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Investigating the role of the cell wall in cold acclimation and freezing tolerance in Arabidopsis thaliana

RAMSAY, NATHAN,JAMES (2023) Investigating the role of the cell wall in cold acclimation and freezing tolerance in Arabidopsis thaliana. Doctoral thesis, Durham University.

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Many plants are susceptible to freezing stress, including crops necessary for the production of staple foods. Climate change is predicted to increase the occurrence of early autumn and late spring frosts, striking at times when plants are especially vulnerable. Most perennial plants can undergo cold acclimation, wherein freezing tolerance is increased through exposure to low, non-freezing temperatures. Encapsulating every plant cell is a thin, dynamic layer of complex polysaccharides and proteins – the cell wall. It offers structural rigidity, extensibility, a means of water transport, and protection from pathogens. The cell wall undergoes significant structural, compositional and physical remodelling during cold acclimation; it is therefore increasingly thought to have a role in freezing tolerance, perhaps by acting as a physical barrier to ice propagation and providing mechanical reinforcement against freezing-induced dehydration, though this remains unconfirmed.

In the present study, the potential role of the cell wall in both cold acclimation and basal freezing tolerance was explored further. An increase in freezing tolerance in
cold-acclimated Arabidopsis was shown to be correlated with both reduced cell-wall porosity and enhanced cell-wall mechanical integrity. These properties are thought to limit the nucleation and spread of ice through plant tissues and protect against cellular dehydration and collapse during freezing, respectively. Comprehensive microarray polymer profiling revealed a number of compositional changes that
occur in the Arabidopsis cell wall during cold acclimation. Most notably, there was an accumulation of extensins, a family of important structural proteins, and a shift
towards the demethylesterified form of pectin, a reorganisation which can have considerable impacts on the physical properties of the cell wall by facilitating the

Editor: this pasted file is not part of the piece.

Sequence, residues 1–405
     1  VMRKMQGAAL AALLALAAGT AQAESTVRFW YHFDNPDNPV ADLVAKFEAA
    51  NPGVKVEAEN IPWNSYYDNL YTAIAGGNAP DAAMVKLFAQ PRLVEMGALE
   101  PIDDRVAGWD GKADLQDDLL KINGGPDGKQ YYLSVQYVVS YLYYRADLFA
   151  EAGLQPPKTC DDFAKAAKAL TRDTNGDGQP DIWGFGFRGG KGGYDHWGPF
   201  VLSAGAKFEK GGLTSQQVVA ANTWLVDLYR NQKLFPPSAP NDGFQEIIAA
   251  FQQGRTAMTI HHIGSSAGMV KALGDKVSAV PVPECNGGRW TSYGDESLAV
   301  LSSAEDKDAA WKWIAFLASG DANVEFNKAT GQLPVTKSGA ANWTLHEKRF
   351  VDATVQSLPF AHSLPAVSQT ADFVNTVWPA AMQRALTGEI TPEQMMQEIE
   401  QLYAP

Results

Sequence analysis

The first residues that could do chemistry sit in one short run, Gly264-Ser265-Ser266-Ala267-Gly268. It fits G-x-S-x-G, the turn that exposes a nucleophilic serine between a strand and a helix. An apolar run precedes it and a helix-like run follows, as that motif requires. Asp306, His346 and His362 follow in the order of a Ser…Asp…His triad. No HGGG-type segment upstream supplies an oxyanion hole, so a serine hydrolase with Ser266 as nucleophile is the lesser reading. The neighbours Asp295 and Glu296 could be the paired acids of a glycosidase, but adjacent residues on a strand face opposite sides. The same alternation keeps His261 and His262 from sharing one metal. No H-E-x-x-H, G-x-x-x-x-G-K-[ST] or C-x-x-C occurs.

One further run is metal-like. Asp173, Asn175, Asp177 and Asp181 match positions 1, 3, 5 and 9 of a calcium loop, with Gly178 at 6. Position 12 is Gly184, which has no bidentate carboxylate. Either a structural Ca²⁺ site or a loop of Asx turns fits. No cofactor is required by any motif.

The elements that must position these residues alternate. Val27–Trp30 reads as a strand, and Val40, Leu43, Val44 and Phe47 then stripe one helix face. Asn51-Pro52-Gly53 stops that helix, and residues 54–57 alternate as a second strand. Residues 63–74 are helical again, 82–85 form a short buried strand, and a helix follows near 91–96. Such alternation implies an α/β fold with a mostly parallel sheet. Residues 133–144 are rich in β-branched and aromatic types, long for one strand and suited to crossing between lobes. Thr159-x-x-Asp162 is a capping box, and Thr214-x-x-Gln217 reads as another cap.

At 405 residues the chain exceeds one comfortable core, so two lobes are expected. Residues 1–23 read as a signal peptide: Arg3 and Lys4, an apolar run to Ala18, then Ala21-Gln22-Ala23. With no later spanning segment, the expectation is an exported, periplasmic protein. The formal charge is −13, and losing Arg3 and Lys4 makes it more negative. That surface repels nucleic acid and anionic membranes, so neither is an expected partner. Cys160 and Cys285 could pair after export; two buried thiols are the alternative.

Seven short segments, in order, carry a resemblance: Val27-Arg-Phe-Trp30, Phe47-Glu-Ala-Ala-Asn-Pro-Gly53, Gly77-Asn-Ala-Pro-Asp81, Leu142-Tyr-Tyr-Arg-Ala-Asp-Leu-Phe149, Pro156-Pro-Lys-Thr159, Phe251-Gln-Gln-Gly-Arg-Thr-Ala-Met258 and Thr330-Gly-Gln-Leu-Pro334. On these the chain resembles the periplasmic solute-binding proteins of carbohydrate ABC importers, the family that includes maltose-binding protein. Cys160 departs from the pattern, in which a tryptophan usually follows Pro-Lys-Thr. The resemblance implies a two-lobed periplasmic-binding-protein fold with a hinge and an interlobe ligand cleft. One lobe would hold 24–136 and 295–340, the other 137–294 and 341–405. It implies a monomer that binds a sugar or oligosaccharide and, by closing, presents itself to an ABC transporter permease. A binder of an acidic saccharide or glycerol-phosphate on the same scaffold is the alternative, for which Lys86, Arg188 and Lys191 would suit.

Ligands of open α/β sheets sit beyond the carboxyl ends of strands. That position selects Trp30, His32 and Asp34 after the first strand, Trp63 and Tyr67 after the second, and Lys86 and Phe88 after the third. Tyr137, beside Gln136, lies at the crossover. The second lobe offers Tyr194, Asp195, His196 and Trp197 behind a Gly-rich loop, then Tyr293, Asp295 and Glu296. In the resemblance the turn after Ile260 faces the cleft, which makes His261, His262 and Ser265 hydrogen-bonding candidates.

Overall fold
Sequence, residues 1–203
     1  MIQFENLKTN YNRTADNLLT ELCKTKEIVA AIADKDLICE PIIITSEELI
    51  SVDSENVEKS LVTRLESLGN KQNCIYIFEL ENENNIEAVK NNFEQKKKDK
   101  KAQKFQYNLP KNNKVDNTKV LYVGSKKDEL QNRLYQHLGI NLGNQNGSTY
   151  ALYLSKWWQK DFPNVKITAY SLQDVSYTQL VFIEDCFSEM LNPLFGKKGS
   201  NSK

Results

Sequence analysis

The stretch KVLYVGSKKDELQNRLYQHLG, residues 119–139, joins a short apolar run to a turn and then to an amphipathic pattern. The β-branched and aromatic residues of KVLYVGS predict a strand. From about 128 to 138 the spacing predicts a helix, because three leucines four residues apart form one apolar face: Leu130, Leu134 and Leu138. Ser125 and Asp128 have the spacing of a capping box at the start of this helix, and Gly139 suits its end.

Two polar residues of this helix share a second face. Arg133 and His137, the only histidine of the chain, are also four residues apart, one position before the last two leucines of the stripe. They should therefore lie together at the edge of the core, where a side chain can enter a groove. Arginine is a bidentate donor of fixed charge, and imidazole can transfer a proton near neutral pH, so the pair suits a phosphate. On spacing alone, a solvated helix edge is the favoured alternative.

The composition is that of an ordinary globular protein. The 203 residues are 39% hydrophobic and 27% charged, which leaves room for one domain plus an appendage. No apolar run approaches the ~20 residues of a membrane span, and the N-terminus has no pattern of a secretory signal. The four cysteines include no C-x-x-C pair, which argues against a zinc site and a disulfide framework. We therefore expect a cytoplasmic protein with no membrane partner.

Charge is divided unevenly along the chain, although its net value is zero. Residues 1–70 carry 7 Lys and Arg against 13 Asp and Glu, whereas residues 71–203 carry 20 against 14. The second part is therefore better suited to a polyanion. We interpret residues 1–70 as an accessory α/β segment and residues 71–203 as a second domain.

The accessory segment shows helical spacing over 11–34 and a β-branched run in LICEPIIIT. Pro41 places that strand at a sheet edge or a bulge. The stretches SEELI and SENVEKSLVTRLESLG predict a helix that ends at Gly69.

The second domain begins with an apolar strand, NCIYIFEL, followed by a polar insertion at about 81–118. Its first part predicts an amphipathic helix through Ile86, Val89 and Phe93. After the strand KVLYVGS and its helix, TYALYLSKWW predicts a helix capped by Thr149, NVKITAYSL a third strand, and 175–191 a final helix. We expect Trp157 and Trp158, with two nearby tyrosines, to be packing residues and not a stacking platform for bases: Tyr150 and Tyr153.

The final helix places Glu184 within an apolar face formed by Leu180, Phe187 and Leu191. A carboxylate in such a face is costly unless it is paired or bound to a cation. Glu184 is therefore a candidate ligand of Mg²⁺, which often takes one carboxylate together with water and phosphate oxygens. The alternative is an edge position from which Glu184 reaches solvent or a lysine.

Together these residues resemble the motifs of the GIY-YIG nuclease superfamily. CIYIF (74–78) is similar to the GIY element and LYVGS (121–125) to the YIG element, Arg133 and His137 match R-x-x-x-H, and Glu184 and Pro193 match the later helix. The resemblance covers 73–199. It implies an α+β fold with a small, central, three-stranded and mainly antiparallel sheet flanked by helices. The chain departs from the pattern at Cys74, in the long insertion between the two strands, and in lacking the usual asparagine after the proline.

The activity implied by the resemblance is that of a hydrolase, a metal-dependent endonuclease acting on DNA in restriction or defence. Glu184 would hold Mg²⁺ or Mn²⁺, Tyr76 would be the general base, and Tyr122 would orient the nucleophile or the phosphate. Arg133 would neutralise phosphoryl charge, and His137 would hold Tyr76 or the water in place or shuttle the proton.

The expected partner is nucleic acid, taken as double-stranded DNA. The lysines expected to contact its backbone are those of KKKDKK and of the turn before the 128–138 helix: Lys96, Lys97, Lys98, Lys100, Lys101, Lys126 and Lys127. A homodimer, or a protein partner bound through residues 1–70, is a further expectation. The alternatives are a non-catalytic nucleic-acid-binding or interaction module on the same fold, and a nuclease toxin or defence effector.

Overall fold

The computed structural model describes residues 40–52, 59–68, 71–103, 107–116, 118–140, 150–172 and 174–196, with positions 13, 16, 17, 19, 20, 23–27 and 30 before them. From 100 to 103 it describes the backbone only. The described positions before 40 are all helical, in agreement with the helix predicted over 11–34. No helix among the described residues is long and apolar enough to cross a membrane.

formation of cross-links between pectic backbones. Mutants deficient in either extensin or demethylesterified pectin were shown to have impaired freezing tolerance, cell-wall porosity and mechanical properties.

In wild-type cell walls, the pectic polysaccharide rhamnogalacturonan-II (RG-II)
exists predominantly as a dimer centred on a borate-ester cross-link. The freezingsensitive sfr8 mutant, which lacks RG-II dimerisation, was also found to have compromised wall porosity and mechanics. These defects were partially reversed when RG-II dimerisation was restored by boron supplementation, as was its freezing sensitivity, suggesting that RG-II cross-linking is critical to full freezing
tolerance. A number of other mutants with defective cell walls, including those with structurally- or compositionally-impaired cellulose, hemicellulose, or pectins, were screened for freezing sensitivity and aberrant physical properties. The data largely
support the idea that plant freezing tolerance is dependent on the porosity and mechanical properties of the cell wall, themselves dependent on the structure, composition, and organisation of its constituent polymers.

Item Type:Thesis (Doctoral)
Award:Doctor of Philosophy
Keywords:plant freezing tolerance cold acclimation cell wall pectin extensin Arabidopsis
Faculty and Department:Faculty of Science > Biological and Biomedical Sciences, School of
Thesis Date:2023
Copyright:Copyright of this thesis is held by the author
Deposited On:14 Apr 2023 09:36

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